The dreaded Giants were in town and Dodger fans were out in force on opening day, tailgating, wearing the blue and turning Elysian Park into a giant latrine.
Chad Kline of Echo Park was walking his dog, Lola, early Friday morning when he saw fans hiking up into the bushes between Scott and Academy Roads to water the plants.
"I went up to these three motorcycle officers … and informed them about 15 gentlemen were urinating in the park and I said, 'I think it's illegal, what are you going to do about it?' And they said, 'Thank you for your information.'"
Chad and Lola kept walking and found more of the same activity. He took pictures with his smartphone and approached another group of LAPD officers, but got the same result.
If you think Chad might have been exaggerating, I can tell you otherwise. I took a stroll with him and saw so many dropped pants and bare butts — and I'm talking men and women — that it looked like spring break gone wild. We even saw a woman holding a roll of toilet paper while waiting for her friend, who was squatting under a tree.
All right, so it was opening day. Music blasted through the park, fans were excited and some of them got an early start on the beer.
But for Kline and others, it was one more reason to wonder if Dodger management cares enough about being a good neighbor. They were already ticked off when they learned just three weeks ago that the Scott Avenue gate at the stadium, seldom opened for games in the last 20 years, would be permanently reopened this year, meaning more vehicles on the narrow and already congested streets of Echo Park.
And this was the least of the Dodgers' PR problems. Although the team is pocketing billions of dollars in a TV contract, 70% of the region's viewers won't be able to watch the games at home unless a deal is negotiated. Cable and satellite companies argue that Time Warner Cable's fee for programming rights is a mugging. And as The Times reported, even Dodger announcer Vin Scully, who works only home games, can't watch road games on TV at his home in the Valley.
"It's all about money," said Peter Guerra, a lifelong Dodgers fan attending a pre-game house party on Scott Avenue that featured a mariachi band.
"We're all upset," said Claudio Salas, whose mother was hosting the bash. "I live in West Covina and can't get the games there, either."
"They're greedy," said Danny Soto.
I had to ask: Why, then, had he bought a ticket for the game?
"Because I love the Dodgers."
But are the Dodgers taking that love for granted?
Dana Starfield, a lifelong Yankees fan, dropped the Bronx bums for the Dodgers when she moved to Scott Avenue a year ago.
"I switched sides, feeling I had betrayed my family. And now I feel totally betrayed by the Dodgers," said Starfield, who was burned up about the Dodgers waiting so long to drop the Scott gate surprise on the neighborhood.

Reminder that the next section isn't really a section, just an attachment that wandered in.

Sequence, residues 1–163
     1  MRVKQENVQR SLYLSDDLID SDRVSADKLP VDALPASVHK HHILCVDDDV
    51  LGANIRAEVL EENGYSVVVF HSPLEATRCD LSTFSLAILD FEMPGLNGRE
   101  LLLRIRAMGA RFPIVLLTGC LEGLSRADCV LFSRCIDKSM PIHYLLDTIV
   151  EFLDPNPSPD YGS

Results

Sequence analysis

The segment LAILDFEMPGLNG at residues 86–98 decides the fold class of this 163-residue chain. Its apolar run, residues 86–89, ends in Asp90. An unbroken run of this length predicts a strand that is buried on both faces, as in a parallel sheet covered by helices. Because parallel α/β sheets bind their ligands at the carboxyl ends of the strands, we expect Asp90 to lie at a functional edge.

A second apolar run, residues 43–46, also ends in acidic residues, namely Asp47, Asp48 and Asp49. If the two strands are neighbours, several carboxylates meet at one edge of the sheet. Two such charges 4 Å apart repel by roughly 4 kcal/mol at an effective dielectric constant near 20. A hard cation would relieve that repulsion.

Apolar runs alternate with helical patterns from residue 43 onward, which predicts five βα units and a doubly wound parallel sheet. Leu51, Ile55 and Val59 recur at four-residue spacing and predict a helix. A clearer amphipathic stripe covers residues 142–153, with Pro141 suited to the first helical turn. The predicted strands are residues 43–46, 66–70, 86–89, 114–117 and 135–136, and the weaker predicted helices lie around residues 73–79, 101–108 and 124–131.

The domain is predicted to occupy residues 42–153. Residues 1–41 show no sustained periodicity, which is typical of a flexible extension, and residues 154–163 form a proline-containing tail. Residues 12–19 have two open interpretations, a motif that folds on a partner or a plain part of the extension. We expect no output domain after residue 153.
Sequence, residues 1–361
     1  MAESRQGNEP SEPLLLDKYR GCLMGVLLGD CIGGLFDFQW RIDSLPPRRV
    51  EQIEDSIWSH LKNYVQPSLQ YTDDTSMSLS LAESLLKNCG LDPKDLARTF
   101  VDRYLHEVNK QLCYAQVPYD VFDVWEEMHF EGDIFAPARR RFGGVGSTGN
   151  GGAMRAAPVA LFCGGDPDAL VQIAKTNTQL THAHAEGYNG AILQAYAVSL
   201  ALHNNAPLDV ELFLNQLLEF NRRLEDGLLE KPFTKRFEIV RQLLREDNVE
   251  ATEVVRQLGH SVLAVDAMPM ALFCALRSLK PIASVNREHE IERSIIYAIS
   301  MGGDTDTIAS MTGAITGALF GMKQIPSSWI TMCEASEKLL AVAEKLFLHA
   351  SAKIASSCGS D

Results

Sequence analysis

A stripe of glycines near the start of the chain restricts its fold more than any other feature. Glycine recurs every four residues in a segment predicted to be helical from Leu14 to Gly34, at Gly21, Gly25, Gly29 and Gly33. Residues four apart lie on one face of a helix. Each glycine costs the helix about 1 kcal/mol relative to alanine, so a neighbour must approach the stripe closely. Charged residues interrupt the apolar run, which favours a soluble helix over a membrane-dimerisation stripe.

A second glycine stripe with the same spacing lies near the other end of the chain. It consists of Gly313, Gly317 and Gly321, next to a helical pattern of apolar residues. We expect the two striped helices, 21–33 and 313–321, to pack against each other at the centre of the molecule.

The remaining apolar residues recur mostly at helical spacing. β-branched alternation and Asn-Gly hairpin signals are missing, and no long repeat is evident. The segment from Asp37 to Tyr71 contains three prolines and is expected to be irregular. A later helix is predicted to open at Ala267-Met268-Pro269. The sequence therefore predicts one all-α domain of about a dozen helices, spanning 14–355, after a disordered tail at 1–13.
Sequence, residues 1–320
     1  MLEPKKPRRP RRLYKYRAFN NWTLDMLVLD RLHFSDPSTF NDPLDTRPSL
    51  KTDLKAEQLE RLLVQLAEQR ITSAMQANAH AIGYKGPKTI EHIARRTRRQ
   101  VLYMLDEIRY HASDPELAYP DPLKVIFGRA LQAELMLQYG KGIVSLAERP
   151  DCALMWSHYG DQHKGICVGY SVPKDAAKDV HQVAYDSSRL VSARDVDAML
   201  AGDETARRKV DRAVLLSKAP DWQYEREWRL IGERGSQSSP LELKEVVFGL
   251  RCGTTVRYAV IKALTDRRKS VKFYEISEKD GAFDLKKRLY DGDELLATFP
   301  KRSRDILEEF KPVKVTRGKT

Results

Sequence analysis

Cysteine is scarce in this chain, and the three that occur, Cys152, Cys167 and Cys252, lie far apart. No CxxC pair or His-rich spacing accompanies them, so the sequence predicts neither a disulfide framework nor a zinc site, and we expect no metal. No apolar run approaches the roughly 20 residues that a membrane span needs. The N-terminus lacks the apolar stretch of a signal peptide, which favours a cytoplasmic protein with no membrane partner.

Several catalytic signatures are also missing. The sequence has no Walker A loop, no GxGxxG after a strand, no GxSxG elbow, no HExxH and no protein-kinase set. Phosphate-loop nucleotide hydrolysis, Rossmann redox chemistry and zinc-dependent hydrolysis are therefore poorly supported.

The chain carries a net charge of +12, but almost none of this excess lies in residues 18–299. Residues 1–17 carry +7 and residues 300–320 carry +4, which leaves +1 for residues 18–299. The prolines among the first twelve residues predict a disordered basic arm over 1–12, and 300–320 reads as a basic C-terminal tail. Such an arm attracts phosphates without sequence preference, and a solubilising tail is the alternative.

She wasn't too happy with City Hall, either, wondering why a green mayor such as Eric Garcetti — who used to represent the neighborhood as councilman — hasn't come up with more shuttles and other alternatives to keep his former neighborhood from being overwhelmed by cars.
Don't get her wrong, said Starfield. She understands that along with the advantages of a nearby ballpark, there are certain unavoidable inconveniences.
"There's fun, excitement and energy in living near a ballpark. But there's just blatant disrespect of the community."
Another neighborhood gripe is that the Dodgers raised parking fees on game day by $5 this year, which residents worry will drive more fans out of the stadium and onto their streets. Starfield said that strange cars were parking on her block by 8 a.m. Friday, even though parking is prohibited between 8 and 10 that day because of street cleaning. The drivers waited until 10 to make sure they weren't ticketed, but for the first time Starfield and neighbors could recall, the sweepers never came.
Starfield and neighbors also complained that the "local traffic only" signs at intersections weren't manned, and a Dodgers plan to distribute "resident" placards hadn't been fully implemented, so cars poured in anyway.
"A breakdown happened somewhere within the Dodger organization," said City Councilman Mitch O'Farrell. "They made commitments" they did not follow up on, he added, saying he wants a post-mortem on what went wrong and "a traffic management plan that works for the entire neighborhood."
Dodgers reps I spoke to saw it differently, accusing the city of dropping the ball on traffic enforcement and on all the partying in the park. Neighbors of the stadium told me there were improvements before Saturday’s game. But they said that mountains of trash had been left in Elysian Park after Friday’s game, so let’s not forget to put a lot of the blame on ill-behaved fans.
Kathleen Murphy, another Echo Park resident, said she thinks these Dodgers owners have actually been more inclined to work with the neighborhood than the despised Frank McCourt did when he was in charge. Murphy suggested that near the ballpark, there should be "permit parking" only on game days, so residents don't get crowded out. And as a gesture of goodwill, the Dodgers should pony up for them.
I second the motion.
As for Friday's game, the Giants busted out to a 6-0 lead in a very ugly first inning, and piddled all over the opening day party with an 8-4 win.
So the TV blackout, while annoying, does have its advantages.